Figure 5 Tinea capitis in a nine-year old boy due to T. violaceum.

Figure 6 Endothrix pattern of hair invasion due to T. violaceum with appearance of ‘Bag of marbles’ seen in 20% KOH mount. Magnification X400.

Figure 7 (A) Extensive erythematous, annular and partially annular lesions (B) Extensive tinea corporis with multiple scaly lesions. The lesions over lower abdomen have extended downwards to involve groin (Tinea corporis et cruris) mons pubis, labia majora and labia minora (Tinea genitalis), (C) Healed annular hyper-pigmented plaques with appearance of new lesions at the periphery (Tinea recidivans) (D) Extensive erythematous, hyper-pigmented lesions with hypertrichosis over the front of chest and under breasts, dumb bell shaped double-edged tinea.

Figure 8 Man with extensive dermatophytosis of multiple anatomic sites. Striae over abdomen and thighs. Developed iatrogenic Cushing’s syndrome, bilateral osteonecrosis of femoral head, central obesity and hypertrichosis. History of having used topical and systemic steroids.

Figure 9 LPCB mount of T. interdigitale with spiral hyphae, microconidia in grape like clusters and club shaped macroconidia.

Figure 10 Various FDCs sold OTC.

Discussion

According to various studies from the different states of India, T. rubrum is the predominant species.9 Predominance of T. rubrum in India has been shown in central India and all the states below it before 1988.14 Data on the prevalence of dermatophytes before this epidemic-like situation in this area is missing. For the past 6-7 years, this terrible scenario has been continuing. One- third of the dermatology clinic attendance is due to patients with dermatophytosis.

Medical fraternity in India has been observing an increase in the prevalence of dermatophytosis and that two of the difficult to treat recalcitrant, recurrent and chronic dermatophytosis, over the last 3-4 years.15 Here, in our study, the epidemic is due to T. interdigitale (98%). We had one case of tinea capitis due to T. violaceum in the present study. During past four years, we had one case of tinea faciei due to T. violaceum. We have not reported any case of extensive tinea due to T. violaceum though epidemics/outbreaks have been reported to this dermatophyte species.16‒17 Also, we did not find any case of tinea pedis or tinea unguim during this study period. Tinea pedis is relatively uncommon in India and is the least prevalent of all the dermatomycoses.18 Recently, there have been some reports of extensive, atypical chronic and recalcitrant dermatophytosis from West Bengal,7 Gujarat and Tamil Nadu,8 Sikkim,19 Udisha,20 Chandigarh,21 and Rajasthan.22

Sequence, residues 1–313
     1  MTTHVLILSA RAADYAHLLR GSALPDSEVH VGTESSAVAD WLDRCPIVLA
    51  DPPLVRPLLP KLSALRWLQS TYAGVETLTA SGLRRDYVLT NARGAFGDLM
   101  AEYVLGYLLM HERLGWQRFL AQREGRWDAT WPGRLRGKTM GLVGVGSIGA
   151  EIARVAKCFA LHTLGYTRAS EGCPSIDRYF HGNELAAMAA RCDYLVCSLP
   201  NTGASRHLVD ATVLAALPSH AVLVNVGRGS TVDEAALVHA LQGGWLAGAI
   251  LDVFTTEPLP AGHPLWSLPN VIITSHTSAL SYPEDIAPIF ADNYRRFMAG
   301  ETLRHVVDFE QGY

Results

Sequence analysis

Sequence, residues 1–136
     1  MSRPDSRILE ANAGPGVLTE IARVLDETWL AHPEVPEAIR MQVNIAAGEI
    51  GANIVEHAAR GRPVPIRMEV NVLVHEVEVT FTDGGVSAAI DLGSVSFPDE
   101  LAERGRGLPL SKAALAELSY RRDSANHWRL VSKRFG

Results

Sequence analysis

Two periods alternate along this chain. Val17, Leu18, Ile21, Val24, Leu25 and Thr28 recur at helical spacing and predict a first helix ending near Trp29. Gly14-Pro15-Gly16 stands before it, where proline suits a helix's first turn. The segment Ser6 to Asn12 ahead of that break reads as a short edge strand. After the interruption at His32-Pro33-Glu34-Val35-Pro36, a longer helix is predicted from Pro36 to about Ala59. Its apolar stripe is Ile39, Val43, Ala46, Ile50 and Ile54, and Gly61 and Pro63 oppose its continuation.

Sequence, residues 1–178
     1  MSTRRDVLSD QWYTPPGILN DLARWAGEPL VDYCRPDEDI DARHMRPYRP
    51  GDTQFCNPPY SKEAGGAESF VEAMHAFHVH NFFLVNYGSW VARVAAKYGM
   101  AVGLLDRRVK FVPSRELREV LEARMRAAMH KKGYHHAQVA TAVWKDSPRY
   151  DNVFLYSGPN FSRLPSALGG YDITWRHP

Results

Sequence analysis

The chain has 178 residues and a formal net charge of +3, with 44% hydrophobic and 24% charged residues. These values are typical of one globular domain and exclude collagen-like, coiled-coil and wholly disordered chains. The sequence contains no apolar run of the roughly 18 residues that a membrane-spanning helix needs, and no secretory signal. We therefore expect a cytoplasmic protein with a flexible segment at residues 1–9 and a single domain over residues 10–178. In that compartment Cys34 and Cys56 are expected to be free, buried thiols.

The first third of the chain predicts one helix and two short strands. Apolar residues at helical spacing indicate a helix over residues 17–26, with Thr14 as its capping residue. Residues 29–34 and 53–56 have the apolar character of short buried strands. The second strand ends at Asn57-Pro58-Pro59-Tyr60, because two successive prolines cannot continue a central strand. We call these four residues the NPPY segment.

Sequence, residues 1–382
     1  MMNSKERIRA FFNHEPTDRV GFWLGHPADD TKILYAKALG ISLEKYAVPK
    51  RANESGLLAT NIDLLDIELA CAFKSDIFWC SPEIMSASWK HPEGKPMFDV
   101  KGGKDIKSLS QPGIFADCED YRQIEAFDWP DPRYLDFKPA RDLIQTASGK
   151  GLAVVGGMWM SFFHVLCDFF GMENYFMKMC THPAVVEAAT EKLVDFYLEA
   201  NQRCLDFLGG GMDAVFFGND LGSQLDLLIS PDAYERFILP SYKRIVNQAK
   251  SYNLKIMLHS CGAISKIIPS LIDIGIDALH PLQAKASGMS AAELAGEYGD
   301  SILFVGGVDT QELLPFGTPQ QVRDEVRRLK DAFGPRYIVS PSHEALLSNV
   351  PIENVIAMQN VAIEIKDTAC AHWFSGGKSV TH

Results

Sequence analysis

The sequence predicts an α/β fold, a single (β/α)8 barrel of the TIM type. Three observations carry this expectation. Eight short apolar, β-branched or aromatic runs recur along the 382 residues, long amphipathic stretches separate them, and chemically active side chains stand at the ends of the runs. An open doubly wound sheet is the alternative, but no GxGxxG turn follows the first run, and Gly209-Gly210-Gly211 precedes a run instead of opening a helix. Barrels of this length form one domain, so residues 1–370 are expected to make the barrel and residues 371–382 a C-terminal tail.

Besides getting patients with extensive, recurrent and recalcitrant cases of dermatophytic infection with involvement of multiple anatomic sites, we also get patients with local side effects of having used topical corticosteroid, e.g. no central clearing, skin atrophy, striae (Figure 8A), hypertrichosis (Figure 8B), telangiectasia, double edged tinea (Figure 2), tinea pseudoimbricata, tinea recidivans (Figure 7C) and many atypical presentation. We are also getting patients with systemic side effects. One of the patients developed Cushing’s syndrome with bilateral osteonecrosis of femoral head. In some cases, multiple members of the three generations of the family were having dermatophytic infection.

Recently six patients came with the serious side effects of topical and systemic side effects, after being treated by unqualified practioners in the village. They were not enrolled in the study. Two female patients died in intensive care unit due to chest infection. Others were being treated.